Loophole Lets Army Rehire 2 Generals
WASHINGTON - The Army used a loophole in federal ethics law to award lucrative contracts to two recently retired generals, departing from its standard practice for hiring senior advisers, according to public records and interviews.
During the past two years, the Army wanted to bring back two former generals, John Vines and Dan McNeill, to advise commanders as part of its "senior mentor" program. But the service's program is run by a defense contractor, Northrop Grumman, and federal ethics law prohibits newly retired senior employees from representing a company before their former agency for one year.
That "cooling off" period is designed to prohibit "acts by former government employees which may reasonably give the appearance of making unfair use of prior government employment," according to ethics regulations.
The Army found a way around the rule. Instead of hiring them as defense company subcontractors, as it does for roughly two dozen other Army mentors, the service contracted directly with McNeill and Vines. McNeill received his contract after the Army wrote specific bid solicitations that applied to him and perhaps a few other retired generals. Vines received contracts without competition, records show.
All told, the Army paid McNeill $281,625 from December 2008 through August 2009, federal records show. McNeill told USA TODAY he also consults for defense firms but declined to name them. He isn't required to tell the Army about them, either.
In mid-2007, records show, the Army awarded three contracts worth $226,285 to Vines, who had retired that January as a top commander. Vines said the contracts included travel expenses. "The cooling off period doesn't seem to make a lot of sense when we have soldiers' lives at stake," he said.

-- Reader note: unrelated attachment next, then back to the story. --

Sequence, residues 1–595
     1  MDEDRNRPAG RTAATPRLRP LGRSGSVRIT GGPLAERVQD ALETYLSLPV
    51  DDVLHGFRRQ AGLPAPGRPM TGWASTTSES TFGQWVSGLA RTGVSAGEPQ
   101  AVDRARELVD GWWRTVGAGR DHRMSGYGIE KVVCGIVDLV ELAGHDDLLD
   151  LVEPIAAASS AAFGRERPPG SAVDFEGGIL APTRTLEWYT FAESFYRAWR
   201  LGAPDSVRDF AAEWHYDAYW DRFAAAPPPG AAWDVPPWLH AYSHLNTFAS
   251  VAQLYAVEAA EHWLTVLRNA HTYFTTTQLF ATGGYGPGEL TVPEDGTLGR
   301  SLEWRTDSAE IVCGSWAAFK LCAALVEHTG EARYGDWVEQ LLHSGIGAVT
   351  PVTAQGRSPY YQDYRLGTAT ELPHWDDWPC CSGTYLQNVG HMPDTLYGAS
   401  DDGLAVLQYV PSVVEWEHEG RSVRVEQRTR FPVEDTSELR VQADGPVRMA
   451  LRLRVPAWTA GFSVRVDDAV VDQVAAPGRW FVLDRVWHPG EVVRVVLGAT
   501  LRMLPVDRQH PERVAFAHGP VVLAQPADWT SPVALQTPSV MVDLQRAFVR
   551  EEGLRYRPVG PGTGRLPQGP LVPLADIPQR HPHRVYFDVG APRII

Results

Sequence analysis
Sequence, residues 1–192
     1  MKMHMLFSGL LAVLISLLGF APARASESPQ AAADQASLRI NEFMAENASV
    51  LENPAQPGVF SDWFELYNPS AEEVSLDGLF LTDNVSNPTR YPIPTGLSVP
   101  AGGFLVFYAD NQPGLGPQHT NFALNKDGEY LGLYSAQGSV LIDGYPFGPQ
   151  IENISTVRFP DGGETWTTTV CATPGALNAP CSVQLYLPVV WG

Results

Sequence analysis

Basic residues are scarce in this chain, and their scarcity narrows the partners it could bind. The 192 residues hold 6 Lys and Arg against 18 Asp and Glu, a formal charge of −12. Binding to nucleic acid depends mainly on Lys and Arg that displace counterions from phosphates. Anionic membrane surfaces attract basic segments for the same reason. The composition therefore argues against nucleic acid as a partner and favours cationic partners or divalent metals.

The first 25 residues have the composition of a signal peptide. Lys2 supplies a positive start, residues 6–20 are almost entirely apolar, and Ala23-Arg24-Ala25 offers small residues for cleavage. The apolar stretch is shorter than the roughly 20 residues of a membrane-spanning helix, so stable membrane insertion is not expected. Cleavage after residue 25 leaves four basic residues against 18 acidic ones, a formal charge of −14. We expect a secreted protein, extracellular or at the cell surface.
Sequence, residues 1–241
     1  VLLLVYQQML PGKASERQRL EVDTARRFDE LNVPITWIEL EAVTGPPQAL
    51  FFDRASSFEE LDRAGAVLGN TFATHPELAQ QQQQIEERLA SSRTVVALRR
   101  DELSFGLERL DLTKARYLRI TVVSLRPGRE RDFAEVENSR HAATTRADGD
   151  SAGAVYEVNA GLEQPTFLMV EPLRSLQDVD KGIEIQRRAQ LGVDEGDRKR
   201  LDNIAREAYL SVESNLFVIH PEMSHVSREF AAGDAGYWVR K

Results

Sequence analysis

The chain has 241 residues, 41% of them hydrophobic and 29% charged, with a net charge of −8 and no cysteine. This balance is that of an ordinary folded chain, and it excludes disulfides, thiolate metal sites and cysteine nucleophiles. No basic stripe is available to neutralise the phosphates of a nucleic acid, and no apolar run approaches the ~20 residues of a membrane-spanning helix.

"This flagrantly violates the spirit of the revolving-door rules," said Danielle Bryan, executive director of the non-partisan Project on Government Oversight. "What the Army did instead is create a new door so they could walk right through."
Army spokesman Gary Tallman said the arrangements were perfectly legal and "do not create any . . . clever loopholes."
Now that McNeill and Vines are past their cooling off periods, the Army has returned to its normal procedures and retained them as Northrop subcontractors. Like other senior mentors, their compensation is now hidden from public view.
A USA TODAY investigation has found that a growing number of retired high-ranking officers collect six-figure pensions, make hundreds of dollars an hour as advisers to the services, and earn more working for defense firms. These retired officers, when hired as contractors, are not subject to the ethics and disclosure rules that would apply if they were part-time federal employees.
Under military formulas, Vines and McNeill are eligible for pensions of more than $120,000. Vines' @highest base salary was $209,000, according to military pay scales, and McNeill's was $174,000.
McNeill was the top U.S. commander in Afghanistan from February 2007 until June 2008. In an interview, he said he became a mentor at the request of Gen. George Casey, the Army's chief of staff.
In a statement, Casey said McNeill's experience made him "ideally suited to properly prepare our division and higher-level commanders."